Once I reached the sea wall again, it was straightforward, if uninspiring because of the lack of views.  Eventually, I reached the river Rhymni, and walked up the east bank, then back onto a busy road, before bearing off onto a track running parallel.  The track was ugly – litter everywhere, old bits of metal, shopping trolleys, plastic containers and so forth. There were also lots of small ponies tethered. I had been surprised all day at the number of horses and ponies I had seen – more than anywhere else on the walk so far.IMG_3022

In the distance, I could see a number of caravans, and this, together with the ponies, led me to wonder if I were approaching a Traveller site. Suddenly, out of nowhere, a young lad of about fourteen appeared, with a dog on a lead.

‘You’re on private property,’ he announced.

‘No, I’m not. This is the Coast Path’.

‘It’s not. It’s private. It’s my dad’s land.’

‘No, the map shows clearly that it is the coast path’.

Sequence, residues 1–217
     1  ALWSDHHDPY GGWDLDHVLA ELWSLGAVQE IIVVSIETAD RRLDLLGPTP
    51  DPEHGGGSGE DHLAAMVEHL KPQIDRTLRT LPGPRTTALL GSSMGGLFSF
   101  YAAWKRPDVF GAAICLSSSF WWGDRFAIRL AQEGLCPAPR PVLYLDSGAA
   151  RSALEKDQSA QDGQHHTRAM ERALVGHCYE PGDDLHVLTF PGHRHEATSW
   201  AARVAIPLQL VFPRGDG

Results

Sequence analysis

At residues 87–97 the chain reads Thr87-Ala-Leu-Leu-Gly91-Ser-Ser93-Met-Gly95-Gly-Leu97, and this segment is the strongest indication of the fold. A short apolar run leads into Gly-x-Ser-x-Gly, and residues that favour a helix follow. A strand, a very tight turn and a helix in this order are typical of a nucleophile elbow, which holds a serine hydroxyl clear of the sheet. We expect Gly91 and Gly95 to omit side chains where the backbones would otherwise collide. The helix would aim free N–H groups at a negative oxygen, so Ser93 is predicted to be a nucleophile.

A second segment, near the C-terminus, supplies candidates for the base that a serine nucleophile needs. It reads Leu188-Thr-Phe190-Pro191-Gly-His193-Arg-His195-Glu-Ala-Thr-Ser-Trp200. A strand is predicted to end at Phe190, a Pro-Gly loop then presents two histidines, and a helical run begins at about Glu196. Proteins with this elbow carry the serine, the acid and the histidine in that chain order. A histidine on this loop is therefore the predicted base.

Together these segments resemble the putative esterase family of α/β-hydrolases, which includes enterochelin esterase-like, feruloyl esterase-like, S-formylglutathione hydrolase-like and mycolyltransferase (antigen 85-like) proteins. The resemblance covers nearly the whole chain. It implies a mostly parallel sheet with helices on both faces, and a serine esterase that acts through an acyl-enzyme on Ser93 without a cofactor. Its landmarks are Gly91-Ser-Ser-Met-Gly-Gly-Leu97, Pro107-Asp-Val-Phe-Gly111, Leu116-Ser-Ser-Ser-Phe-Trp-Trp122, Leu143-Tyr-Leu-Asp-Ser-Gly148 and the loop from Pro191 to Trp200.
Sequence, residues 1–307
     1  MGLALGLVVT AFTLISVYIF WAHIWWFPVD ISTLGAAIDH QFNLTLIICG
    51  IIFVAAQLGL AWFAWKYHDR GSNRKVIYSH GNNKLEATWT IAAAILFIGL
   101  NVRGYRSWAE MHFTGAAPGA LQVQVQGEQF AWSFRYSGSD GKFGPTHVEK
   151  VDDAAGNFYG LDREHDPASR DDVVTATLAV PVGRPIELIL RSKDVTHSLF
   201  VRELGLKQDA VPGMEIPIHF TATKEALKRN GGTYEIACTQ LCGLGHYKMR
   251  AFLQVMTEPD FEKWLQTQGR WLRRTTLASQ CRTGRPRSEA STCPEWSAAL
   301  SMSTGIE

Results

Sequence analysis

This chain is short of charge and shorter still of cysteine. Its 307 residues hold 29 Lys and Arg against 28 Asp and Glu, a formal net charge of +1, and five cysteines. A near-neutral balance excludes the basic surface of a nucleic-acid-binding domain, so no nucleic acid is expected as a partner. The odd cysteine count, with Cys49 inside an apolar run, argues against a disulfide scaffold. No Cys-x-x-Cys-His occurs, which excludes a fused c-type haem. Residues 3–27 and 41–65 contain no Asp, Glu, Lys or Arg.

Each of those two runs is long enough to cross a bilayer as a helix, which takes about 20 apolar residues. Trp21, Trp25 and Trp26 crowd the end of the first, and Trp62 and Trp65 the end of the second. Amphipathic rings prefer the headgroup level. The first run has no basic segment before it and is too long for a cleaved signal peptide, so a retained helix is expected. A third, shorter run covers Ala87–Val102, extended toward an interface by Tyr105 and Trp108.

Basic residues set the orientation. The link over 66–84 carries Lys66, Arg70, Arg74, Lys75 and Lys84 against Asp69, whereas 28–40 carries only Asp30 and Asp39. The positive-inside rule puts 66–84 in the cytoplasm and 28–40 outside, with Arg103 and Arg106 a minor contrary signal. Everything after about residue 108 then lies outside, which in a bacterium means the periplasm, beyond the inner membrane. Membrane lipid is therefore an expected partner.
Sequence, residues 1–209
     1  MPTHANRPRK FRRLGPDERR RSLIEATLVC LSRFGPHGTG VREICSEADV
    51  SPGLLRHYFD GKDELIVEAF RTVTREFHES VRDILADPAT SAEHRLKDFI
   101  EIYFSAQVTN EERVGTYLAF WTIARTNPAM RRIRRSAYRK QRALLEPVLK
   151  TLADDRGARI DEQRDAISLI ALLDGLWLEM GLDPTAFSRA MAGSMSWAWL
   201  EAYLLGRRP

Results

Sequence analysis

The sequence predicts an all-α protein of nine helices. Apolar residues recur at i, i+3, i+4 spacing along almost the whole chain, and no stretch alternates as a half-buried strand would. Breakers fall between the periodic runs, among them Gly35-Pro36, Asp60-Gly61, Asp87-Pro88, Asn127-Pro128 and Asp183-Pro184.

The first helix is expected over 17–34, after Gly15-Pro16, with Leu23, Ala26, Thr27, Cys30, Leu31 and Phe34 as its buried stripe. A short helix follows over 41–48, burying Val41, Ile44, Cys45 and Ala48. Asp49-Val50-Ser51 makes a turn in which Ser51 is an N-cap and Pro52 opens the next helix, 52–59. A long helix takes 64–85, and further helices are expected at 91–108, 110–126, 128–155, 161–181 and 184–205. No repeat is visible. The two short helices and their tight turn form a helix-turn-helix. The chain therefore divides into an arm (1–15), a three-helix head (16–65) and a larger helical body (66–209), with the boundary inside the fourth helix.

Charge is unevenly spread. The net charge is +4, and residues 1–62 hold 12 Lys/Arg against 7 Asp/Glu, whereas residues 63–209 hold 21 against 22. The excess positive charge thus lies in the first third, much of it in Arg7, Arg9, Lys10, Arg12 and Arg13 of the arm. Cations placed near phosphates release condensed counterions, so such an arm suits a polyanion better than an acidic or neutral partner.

‘My dad just bought it last week.’

I shrugged my shoulders and carried on.

‘I’m going to tell my dad.’

I felt a bit nervous. The path wasn’t getting any more attractive – there was evidence of burnt out vans and other debris around. The lad himself didn’t look dangerous, but who knew what a father or elder brother might be like?

I carried on. He turned back and asked, in a more conciliatory tone, what I was doing.

I explained that I was walking up to Cardiff, and tried to be friendly, admiring his dog, and stroking her. He was a nice enough boy, in fact.

The path came to a point where you could either drop onto the road, or turn left alongside the caravans. I didn’t like either option much, but the road was very busy, with no pavement, and in the fog I didn’t like to chance it. The boy indicated that the path went left, and, having assured me that I would never make the five o’clock train, dropped back as I hurried on.